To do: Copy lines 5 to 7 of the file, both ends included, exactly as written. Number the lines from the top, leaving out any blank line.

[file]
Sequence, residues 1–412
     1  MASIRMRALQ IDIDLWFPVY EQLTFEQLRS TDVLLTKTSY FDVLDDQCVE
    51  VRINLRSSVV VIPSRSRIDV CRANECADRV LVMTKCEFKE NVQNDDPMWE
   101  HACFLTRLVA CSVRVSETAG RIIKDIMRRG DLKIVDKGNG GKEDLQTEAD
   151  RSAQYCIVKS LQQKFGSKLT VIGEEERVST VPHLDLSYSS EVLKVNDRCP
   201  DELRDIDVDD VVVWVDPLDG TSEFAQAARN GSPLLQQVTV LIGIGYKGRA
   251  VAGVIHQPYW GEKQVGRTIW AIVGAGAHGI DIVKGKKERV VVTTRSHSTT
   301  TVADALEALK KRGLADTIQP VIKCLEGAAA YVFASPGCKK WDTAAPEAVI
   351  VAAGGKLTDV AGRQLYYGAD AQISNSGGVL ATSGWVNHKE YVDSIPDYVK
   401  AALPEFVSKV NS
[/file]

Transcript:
   151  RSAQYCIVKS LQQKFGSKLT VIGEEERVST VPHLDLSYSS EVLKVNDRCP
   201  DELRDIDVDD VVVWVDPLDG TSEFAQAARN GSPLLQQVTV LIGIGYKGRA
   251  VAGVIHQPYW GEKQVGRTIW AIVGAGAHGI DIVKGKKERV VVTTRSHSTT